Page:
Ball-headed War Club with Carvings of Birds and Men
Arts of the Americas
On View: American Art Galleries, 5th Floor, Visions and Myths of a Nation, 1800–1890
The Jarvis Collection of Native American Plains Art
The articles in this case and the adjacent clothing case are some of the earliest and finest Eastern Plains pieces in existence. They were collected by Dr. Nathan Sturges Jarvis, a military surgeon stationed at Fort Snelling, Minnesota, between 1833 and 1836. He purchased some of the objects, while some may have been given in exchange for his medical services. These works display indigenous people’s ingenuity in combining trade materials such as cloth, metal, and glass beads with traditional hides, red pipestone, and porcupine and bird quills.
early 19th century
22 1/2 x 6 x 3 in. (57.2 x 15.2 x 7.6 cm) (show scale)
Henry L. Batterman Fund and the Frank Sherman Benson Fund
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Chippewa (Native American). Ball-headed War Club with Carvings of Birds and Men, early 19th century. Wood, pigment, 22 1/2 x 6 x 3 in. (57.2 x 15.2 x 7.6 cm). Brooklyn Museum, Henry L. Batterman Fund and the Frank Sherman Benson Fund, 50.67.84. Creative Commons-BY (Photo: Brooklyn Museum, 50.67.84_acetate_bw.jpg)
overall, 50.67.84_acetate_bw.jpg. Brooklyn Museum photograph
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This is a ball-headed type of war club. The incised designs on the handle include six birds on one side and four (possibly) dancing or fihjting figures on the other. The bird motifs are filled with black paint, the figures with red paint. The ball is painted black and there is fire decoration on the handle.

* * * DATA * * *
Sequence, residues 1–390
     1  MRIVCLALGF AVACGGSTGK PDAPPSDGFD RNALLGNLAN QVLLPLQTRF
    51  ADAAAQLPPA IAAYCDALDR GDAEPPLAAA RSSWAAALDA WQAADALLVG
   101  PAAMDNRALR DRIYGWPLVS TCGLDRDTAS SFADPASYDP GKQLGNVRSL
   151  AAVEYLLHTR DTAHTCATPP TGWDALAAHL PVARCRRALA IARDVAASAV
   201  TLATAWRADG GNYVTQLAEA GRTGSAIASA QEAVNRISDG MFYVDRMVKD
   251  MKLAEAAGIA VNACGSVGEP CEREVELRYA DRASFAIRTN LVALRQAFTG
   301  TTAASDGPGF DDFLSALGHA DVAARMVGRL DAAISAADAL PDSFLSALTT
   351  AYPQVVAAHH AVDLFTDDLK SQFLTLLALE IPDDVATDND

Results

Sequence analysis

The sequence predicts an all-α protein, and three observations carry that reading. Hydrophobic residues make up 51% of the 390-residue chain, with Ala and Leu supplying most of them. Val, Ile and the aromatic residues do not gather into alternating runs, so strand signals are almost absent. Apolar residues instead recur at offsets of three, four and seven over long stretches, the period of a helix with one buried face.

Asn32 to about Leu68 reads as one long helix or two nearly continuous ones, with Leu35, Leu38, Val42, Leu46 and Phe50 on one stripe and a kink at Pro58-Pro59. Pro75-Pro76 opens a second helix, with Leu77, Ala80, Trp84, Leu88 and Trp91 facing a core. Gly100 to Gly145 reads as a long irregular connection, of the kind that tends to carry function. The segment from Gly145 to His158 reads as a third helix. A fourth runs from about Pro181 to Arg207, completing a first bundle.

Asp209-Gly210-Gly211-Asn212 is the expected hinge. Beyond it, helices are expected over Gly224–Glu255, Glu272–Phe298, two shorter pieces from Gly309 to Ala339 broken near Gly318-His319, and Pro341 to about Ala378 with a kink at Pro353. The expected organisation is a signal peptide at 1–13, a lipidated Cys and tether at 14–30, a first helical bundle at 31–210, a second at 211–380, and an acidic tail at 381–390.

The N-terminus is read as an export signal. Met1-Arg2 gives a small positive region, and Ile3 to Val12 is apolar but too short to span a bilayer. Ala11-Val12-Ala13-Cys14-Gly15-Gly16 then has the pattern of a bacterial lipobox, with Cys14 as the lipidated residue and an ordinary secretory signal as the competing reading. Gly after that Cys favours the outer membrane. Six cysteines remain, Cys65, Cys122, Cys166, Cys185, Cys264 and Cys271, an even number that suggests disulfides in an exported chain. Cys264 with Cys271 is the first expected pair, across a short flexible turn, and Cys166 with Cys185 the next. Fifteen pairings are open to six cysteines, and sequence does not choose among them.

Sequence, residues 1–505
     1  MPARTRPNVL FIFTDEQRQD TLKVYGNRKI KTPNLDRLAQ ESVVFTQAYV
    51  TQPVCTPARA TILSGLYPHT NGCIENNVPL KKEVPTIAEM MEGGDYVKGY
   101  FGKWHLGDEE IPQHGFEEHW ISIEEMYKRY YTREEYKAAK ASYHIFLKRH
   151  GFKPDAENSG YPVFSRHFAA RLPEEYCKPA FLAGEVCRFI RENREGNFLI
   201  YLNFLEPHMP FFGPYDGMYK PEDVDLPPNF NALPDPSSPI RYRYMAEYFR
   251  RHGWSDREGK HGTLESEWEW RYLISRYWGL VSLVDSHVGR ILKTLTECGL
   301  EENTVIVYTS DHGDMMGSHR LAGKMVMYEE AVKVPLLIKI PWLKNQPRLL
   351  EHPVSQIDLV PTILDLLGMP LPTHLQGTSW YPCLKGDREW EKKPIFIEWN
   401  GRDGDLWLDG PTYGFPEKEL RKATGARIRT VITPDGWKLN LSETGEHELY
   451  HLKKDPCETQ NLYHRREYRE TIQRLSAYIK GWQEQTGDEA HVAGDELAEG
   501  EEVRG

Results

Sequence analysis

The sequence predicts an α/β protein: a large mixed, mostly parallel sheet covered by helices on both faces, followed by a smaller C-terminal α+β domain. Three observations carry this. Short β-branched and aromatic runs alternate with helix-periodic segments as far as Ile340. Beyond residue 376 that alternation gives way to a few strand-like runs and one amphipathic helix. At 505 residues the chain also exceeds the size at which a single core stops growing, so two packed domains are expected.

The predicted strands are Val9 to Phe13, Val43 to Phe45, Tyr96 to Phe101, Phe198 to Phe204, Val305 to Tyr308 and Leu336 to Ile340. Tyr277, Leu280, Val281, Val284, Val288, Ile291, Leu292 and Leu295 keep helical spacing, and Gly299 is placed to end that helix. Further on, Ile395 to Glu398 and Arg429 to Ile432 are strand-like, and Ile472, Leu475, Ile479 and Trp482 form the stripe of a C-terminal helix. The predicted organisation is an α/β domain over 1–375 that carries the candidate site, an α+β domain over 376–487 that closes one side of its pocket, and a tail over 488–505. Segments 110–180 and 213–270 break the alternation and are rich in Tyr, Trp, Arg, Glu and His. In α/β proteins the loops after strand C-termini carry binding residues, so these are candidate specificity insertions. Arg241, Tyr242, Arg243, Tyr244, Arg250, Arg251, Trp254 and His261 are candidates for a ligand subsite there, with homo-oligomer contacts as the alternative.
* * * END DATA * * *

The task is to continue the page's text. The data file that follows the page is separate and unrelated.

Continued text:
The painted and incised designs on this club consist of six black gallinaceous birds (prairie chicken-like in silhouette) on one side. On the opposite side, two pairs of red human figures run toward one another. Each of the four carries a pipe in one hand and, in the other, an upraised arrow in an enigmatic pose.
As demonstrated in this example, clubs were carved from one piece of wood. Often a thick branch attached to a trunk was chosen, or a knot of a tree would be formed into a head and the attached portion of the trunk into a handle, so that the grain had structural strength. The club is flat handled and sided and stained black at both the handle end and ball end.
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